Weed Identification

Australia > > Mexican Feather Grass

Mexican Feather Grass

Nassella tenuissima

IMPORTANT: IF YOU SUSPECT THE PRESENCE OF THIS PLANT, PLEASE REPORT IT BY CALLING 1800 084 881 (local call cost anywhere in Australia).

Alternative Name(s): White Tussock, Stipa tenuissima.

Family: Poaceae.

Form: Grass

Origin: Native from southern USA to Chile and Argentina.

Flowers/Seedhead: Seedhead: Young seedheads held among the leaves; mature seedhead to 25 cm long; glumes to 1 cm long; callus bearded. Flowers summer.

Description: Perennial grass forming dense tussocks to 0.8 m high. Leaf blades to 0.5 mm wide, tightly rolled and with small serrations that can be felt when fingers are moved downward along the blade.

Distinguishing features: Distinguished by hairless nodes, some usually visible; ligule membranous and hairless, to 2.5 mm long; glumes purplish in the lower half; lemma to 3 mm long, with some hairs to 0.3 mm long at the top (at the base of the own); own narrow, straight or obscurely twice bent, 4.59 cm long; attached centrally to the top of the lemma.

Dispersal: Spread by seed and as an ornamental.

Confused With: Serrated tussock, Nassella trichotoma, which has shorter awns 23.5 cm long that are attached off-centre at the top of the lemma.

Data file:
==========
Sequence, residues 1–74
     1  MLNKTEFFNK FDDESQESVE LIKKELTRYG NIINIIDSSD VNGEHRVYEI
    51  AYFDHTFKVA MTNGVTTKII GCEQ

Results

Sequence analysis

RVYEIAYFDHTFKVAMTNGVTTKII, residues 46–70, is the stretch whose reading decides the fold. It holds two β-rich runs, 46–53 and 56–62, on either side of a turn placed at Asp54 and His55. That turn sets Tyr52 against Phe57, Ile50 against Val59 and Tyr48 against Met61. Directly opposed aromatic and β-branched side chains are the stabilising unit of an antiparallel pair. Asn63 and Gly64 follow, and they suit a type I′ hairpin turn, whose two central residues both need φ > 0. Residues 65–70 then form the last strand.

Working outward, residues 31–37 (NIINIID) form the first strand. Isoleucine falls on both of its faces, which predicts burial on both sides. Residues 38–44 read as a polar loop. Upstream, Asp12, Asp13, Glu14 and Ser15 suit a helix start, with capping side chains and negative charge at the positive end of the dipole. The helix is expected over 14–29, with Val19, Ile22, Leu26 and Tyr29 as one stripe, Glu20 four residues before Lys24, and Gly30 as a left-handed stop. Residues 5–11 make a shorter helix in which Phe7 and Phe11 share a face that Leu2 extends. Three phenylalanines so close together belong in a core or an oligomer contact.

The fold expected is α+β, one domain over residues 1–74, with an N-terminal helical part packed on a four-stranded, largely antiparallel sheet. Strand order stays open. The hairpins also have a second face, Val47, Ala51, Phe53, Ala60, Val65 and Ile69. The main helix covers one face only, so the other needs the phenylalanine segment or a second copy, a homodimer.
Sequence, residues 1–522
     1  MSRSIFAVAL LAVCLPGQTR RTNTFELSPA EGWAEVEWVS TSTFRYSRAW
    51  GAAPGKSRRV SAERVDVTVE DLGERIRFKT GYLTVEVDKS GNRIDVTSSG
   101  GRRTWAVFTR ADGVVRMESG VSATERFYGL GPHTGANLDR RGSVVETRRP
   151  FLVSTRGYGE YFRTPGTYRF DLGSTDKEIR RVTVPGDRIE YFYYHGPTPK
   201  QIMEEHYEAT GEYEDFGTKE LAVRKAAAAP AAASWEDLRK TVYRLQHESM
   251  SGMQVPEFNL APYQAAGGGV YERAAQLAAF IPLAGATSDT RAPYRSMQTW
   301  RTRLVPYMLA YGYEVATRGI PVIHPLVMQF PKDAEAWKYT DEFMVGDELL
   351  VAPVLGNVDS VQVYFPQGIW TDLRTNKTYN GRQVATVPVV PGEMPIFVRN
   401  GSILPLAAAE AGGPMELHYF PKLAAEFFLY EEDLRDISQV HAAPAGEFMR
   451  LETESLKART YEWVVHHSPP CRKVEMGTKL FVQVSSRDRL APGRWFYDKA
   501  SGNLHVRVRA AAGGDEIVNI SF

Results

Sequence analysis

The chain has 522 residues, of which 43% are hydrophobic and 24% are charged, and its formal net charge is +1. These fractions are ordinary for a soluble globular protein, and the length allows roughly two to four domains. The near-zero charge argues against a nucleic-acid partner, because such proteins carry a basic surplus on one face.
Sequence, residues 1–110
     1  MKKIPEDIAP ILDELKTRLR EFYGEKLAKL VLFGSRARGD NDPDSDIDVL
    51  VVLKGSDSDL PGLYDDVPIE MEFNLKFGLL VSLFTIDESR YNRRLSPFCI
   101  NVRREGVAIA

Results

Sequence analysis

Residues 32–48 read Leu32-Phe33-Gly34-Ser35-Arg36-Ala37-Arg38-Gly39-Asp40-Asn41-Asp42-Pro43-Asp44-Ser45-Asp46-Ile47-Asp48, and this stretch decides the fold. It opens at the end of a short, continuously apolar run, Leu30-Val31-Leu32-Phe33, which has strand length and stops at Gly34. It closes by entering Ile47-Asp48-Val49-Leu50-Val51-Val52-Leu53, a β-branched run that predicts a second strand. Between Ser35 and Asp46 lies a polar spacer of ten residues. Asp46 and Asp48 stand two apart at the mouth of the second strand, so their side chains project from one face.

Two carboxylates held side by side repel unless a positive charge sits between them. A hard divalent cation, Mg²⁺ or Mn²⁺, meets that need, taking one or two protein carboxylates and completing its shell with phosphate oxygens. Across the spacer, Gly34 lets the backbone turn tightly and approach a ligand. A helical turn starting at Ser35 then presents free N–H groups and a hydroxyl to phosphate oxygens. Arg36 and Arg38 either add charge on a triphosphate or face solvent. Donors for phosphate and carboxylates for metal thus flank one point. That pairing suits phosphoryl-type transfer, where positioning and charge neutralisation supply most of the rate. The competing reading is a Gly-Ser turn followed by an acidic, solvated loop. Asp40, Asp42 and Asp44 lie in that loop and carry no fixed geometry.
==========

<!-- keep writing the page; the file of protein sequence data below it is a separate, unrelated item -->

Distinguished by long awns and lack of corona
Inset: seed
photo J.J. Dellow illustration E. Mayfield

Notes: Initially mislabelled and sold as an ornamental in Australia under the names Elegant Spear Grass, Pony Tail and Angel's Hair. Mexican Feather Grass is not known to be naturalised in Australia to date. This grass is a weed in its native range and is considered to be of low palatability. If this species naturalises in Australia it potentially has a wider range than Serrated Tussock. Mexican Feather Grass escaped from cultivation in New Zealand and has become a weed that is continuing to spread.


    Reference: Telopea. S. Jacobs et al., 1998, Vol. 8, pages 4146.

Shows the difference between seeds of
the 3 illustrated species.
NB long bent awns of N. tenuissima

This weed has been included in the WEEDeck field guide as card G13.
More information about WEEDeck is available from Sainty & Associates Pty. Ltd.

It has also been included in the 'Jumping the Garden Fence' report (WWF-Australia PDF - 1.19mb) which examines the impact of invasive garden plants on Australian agricultural land and natural ecosystems.


Australia > > Mexican Feather Grass


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